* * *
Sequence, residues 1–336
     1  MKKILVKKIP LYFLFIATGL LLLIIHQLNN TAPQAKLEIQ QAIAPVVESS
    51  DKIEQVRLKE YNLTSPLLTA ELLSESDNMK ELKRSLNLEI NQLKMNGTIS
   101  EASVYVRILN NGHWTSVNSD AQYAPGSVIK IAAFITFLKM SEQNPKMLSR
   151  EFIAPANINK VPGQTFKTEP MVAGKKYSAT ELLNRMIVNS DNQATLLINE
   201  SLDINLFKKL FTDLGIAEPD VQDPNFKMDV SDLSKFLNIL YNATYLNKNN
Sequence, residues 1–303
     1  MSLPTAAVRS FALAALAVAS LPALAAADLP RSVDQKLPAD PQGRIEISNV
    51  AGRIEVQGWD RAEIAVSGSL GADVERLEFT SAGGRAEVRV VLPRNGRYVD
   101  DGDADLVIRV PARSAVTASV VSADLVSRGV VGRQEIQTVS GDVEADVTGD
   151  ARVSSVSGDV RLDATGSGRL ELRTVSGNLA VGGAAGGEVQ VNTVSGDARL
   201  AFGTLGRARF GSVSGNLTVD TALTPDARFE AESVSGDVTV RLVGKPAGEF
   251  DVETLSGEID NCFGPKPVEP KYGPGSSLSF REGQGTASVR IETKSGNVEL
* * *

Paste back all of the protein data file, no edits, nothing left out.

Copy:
Sequence, residues 1–336
     1  MKKILVKKIP LYFLFIATGL LLLIIHQLNN TAPQAKLEIQ QAIAPVVESS
    51  DKIEQVRLKE YNLTSPLLTA ELLSESDNMK ELKRSLNLEI NQLKMNGTIS
   101  EASVYVRILN NGHWTSVNSD AQYAPGSVIK IAAFITFLKM SEQNPKMLSR
   151  EFIAPANINK VPGQTFKTEP MVAGKKYSAT ELLNRMIVNS DNQATLLINE
   201  SLDINLFKKL FTDLGIAEPD VQDPNFKMDV SDLSKFLNIL YNATYLNKNN
Sequence, residues 1–303
     1  MSLPTAAVRS FALAALAVAS LPALAAADLP RSVDQKLPAD PQGRIEISNV
    51  AGRIEVQGWD RAEIAVSGSL GADVERLEFT SAGGRAEVRV VLPRNGRYVD
   101  DGDADLVIRV PARSAVTASV VSADLVSRGV VGRQEIQTVS GDVEADVTGD
   151  ARVSSVSGDV RLDATGSGRL ELRTVSGNLA VGGAAGGEVQ VNTVSGDARL
   201  AFGTLGRARF GSVSGNLTVD TALTPDARFE AESVSGDVTV RLVGKPAGEF
   251  DVETLSGEID NCFGPKPVEP KYGPGSSLSF REGQGTASVR IETKSGNVEL